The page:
Larry Seltzer has always been one of my favorite commentators on PC security, and this week he has written one of the best articles I’ve read in a long, long time. Here’s a sample from Malware is Getting Formidable, But So Are Your Defenses:
You can think of Conficker as being the state of the art in conventional malware. It not only uses an important vulnerability, but it’s a sophisticated blended attack, using a wide variety of mechanisms to spread: pseudo-random domains, dictionary attacks on weakly-protected network shares, USB drives, and more. You can admire the work that went into developing Conficker once you get past the amorality and greed that inspired it.
But there’s nothing that it does that you can’t protect against with best practices. Almost everyone that was hit by it was running a version of Windows XP that hadn’t been patched in many months. And even if you ran no anti-virus at all, least-privilege, updated software versions and a few other little things like a good firewall would block most of the ill effects of Conficker and most other malware and prevent them from becoming permanent on the system.
I noticed last week that several publications were trying to whip up some hysteria over the Conficker worm hitting on April 1 and causing a security tsunami. Maybe. I’ve only been following the Conficker fuss out of the corner of my eye so I can’t really speak authoritatively on it. But those stories didn’t ring true to me, and my suspicions were confirmed when I went back to the original source that those reporters were using for their fear-mongering, SRI International’s “An analysis of Conficker’s logic and rendezvous points,” released in February and updated last week.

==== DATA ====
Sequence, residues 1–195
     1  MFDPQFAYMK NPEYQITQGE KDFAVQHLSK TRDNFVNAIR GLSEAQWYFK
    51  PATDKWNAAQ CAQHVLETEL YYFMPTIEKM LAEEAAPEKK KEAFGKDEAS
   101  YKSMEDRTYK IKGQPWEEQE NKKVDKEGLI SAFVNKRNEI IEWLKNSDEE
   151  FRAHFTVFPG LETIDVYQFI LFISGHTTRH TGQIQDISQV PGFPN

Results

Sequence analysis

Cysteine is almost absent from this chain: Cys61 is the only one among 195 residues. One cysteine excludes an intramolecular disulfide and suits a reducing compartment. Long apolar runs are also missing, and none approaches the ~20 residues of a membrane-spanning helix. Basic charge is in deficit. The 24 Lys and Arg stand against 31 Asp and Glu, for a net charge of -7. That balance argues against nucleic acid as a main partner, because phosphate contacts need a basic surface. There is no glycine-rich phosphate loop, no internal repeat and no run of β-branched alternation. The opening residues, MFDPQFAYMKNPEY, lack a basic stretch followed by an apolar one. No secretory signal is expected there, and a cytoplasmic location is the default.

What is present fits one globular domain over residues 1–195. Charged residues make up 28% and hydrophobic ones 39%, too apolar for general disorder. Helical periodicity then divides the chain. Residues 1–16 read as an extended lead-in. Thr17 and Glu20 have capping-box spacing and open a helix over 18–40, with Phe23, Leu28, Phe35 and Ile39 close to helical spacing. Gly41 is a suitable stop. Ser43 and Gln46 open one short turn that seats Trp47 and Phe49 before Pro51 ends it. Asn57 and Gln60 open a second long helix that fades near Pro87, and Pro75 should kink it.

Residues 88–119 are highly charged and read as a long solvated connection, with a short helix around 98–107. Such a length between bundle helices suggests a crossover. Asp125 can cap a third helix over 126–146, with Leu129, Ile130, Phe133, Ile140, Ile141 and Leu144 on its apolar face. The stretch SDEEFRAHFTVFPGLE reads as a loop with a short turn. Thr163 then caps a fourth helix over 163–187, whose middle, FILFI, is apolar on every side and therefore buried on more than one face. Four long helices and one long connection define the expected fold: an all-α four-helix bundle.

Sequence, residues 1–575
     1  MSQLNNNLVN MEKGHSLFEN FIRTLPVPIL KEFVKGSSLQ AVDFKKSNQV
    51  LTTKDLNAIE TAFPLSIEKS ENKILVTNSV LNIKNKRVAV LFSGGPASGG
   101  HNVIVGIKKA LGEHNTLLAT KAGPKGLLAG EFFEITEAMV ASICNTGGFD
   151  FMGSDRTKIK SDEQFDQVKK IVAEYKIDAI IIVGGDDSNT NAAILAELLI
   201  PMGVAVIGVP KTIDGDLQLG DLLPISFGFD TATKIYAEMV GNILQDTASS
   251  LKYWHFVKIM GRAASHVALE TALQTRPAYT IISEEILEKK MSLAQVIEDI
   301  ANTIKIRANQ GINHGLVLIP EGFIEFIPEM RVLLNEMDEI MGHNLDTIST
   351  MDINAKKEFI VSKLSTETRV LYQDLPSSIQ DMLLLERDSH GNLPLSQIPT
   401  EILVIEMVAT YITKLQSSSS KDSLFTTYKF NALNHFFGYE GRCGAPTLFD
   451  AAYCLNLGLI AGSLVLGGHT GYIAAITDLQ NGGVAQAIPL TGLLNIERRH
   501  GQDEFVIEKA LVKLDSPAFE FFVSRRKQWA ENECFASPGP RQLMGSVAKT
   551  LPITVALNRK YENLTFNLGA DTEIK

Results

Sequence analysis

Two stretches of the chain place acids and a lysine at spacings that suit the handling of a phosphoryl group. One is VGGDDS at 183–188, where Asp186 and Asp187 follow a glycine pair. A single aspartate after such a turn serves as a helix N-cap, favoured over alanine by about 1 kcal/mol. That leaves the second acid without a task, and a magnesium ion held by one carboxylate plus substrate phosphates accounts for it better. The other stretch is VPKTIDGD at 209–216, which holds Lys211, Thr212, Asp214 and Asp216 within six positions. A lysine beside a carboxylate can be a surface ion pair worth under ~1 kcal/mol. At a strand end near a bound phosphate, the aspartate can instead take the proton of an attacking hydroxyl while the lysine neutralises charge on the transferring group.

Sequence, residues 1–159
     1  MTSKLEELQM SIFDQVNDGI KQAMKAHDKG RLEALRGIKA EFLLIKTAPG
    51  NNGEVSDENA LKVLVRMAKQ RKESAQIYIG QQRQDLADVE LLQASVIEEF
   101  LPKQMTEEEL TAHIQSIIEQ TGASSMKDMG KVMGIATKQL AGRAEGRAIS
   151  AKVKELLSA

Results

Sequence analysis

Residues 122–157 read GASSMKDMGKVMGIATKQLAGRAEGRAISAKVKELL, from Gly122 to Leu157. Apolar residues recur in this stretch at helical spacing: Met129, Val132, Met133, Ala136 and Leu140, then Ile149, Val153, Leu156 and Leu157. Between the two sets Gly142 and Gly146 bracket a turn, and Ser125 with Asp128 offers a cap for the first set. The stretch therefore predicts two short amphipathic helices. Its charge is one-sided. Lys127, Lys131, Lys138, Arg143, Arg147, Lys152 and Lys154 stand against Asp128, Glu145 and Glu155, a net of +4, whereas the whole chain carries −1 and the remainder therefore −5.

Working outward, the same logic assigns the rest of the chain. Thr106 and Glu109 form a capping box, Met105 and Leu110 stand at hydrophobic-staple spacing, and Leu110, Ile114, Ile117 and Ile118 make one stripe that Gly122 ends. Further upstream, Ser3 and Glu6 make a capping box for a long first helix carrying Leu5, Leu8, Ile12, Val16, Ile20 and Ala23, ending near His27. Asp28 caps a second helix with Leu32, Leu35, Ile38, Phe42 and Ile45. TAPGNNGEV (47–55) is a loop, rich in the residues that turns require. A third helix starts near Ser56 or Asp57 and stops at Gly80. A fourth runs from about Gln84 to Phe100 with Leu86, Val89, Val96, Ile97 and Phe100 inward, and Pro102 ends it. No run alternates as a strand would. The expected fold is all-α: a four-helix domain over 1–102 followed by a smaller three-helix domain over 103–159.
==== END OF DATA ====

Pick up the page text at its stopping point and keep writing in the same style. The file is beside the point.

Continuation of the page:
My understanding is that the patches issued by Microsoft last fall sealed the hole solid. The SRI report seems to agree with that judgment:
The patch for this exploit was released by Microsoft on October 23 2008, and those Windows PCs that receive automated security updates have not been vulnerable to this exploit.
Later in the same report, the authors note:
Why Conficker has been able to proliferate so widely may be an interesting testament to the stubbornness of some PC users to avoid staying current with the latest Microsoft security patches.
They also mention that the threat may be worse in countries where Windows is regularly pirated.
As Seltzer writes, “you can get yourself a pretty substantial level of protection by being scrupulous about a number of these important measures, with the most important one probably being least-privileged access.” I agree completely. Set yourself up with a standard user account, use the Windows firewall or a third-party replacement, be aggressive about updating your system and all important applications (Office, Acrobat, Flash, QuickTime), and run up-to-date antivirus software.
It’s not rocket science.
Update: for more on the Conficker worm, visit the Microsoft Malware Protection Center.